4. Agricultural Practices: The cultivation techniques adopted by farmers, such as the selection of botanical varieties, fertilization methods, pruning practices, and disease management, directly influence the quality of the coffee. Sustainable and organic practices can improve soil and plant health, contributing to producing superior quality coffee.
  5. Local Flora and Fauna: The surrounding biodiversity can influence coffee quality. Rich and varied ecosystems help create an ideal microclimate for coffee cultivation and can positively affect the quality of the harvest through natural pollination and biological pest control.

In summary, terroir is a set of interconnected factors that determine the unique characteristics of specialty coffee. Understanding and valuing terroir allows coffee producers to highlight the intrinsic qualities of their product, offering consumers exceptional and distinctive tasting experiences.

The main difference between washed coffee, natural coffee, honey coffee, and anaerobic coffee lies in the processing method of the coffee beans after harvest. Each method imparts unique organoleptic characteristics to the coffee, influencing its taste and aroma.

Washed Coffee: After harvesting, the beans are washed to remove the outer pulp. This process involves several steps: fermentation to dissolve the mucilage residues, thorough washing, and finally drying. The result is a coffee with a clean and bright taste, where the acidic notes are more pronounced and distinctive. This method enhances the purity of the original flavors of the bean, making washed coffees particularly appreciated for their transparency and defined aromatic profiles.

Natural Coffee: In this method, the beans are dried in the sun (or in dryers) with the outer pulp still intact. During drying, the pulp naturally ferments around the bean, transferring sugars and aromatic compounds that develop a richer and more complex taste. Natural coffees are often characterized by fruity and floral notes, with a pronounced sweetness and full body. This processing method can result in highly variable flavor profiles, making each batch unique.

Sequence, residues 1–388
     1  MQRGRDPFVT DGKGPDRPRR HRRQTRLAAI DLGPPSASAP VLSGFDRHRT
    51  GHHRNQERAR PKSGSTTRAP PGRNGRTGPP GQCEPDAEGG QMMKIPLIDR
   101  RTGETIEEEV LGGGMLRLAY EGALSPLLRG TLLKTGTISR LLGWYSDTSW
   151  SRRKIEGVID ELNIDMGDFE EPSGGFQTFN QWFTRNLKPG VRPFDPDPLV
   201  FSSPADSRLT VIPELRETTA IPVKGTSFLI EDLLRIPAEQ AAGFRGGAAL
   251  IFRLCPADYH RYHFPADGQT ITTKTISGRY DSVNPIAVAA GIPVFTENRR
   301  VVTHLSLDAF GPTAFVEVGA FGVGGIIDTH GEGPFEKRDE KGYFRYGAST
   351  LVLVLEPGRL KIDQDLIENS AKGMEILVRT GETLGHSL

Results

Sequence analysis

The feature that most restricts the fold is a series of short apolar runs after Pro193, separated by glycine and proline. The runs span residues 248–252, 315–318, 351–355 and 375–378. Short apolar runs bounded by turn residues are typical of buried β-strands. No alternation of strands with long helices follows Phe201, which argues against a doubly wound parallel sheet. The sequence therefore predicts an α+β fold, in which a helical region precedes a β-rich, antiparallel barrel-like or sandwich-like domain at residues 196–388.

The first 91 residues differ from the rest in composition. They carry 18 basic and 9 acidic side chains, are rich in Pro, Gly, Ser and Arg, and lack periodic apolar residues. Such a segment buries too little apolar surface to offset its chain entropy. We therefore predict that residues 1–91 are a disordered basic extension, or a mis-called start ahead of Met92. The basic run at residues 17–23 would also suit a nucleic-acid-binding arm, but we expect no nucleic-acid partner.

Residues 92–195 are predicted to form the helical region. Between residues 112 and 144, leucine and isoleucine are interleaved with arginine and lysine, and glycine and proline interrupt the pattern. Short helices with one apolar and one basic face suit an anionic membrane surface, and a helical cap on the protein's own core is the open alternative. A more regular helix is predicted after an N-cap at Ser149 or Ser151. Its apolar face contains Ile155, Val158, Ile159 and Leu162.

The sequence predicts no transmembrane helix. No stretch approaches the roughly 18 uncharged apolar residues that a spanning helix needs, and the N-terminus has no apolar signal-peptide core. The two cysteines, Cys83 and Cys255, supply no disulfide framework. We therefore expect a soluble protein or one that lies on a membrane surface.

Honey Coffee: The honey process involves the partial removal of the outer pulp of the beans, followed by drying with part of the pulp (mucilage) still attached. The term "honey" comes from the sticky and golden appearance of the residual mucilage during drying. This intermediate technique between the washed and natural methods is highly appreciated because it produces distinctive cup profiles, combining the fruity and complex notes of natural coffees with the clean acidity of washed coffees. Honey-processed coffees can exhibit a range of flavors from sweet and fruity to caramel-like, with a pleasant viscosity.

Anaerobic Coffee: This innovative method involves fermenting the beans in an oxygen-free environment. After harvesting, the beans are sealed in airtight containers to ferment under anaerobic conditions. This controlled process allows the development of unique and complex aromatic profiles. Anaerobic coffees tend to have very distinctive notes, with flavors ranging from intense fruity to fermented, with greater complexity and a particularly rich mouthfeel. Anaerobic fermentation can enhance specific characteristics of the coffee, making it a highly appreciated option among connoisseurs.

A coffee roasting profile is a detailed description that specifies the optimal roasting methods 

to maximize the unique characteristics of a particular coffee. 

Key variables include temperature, roasting time, and airflow within the roaster.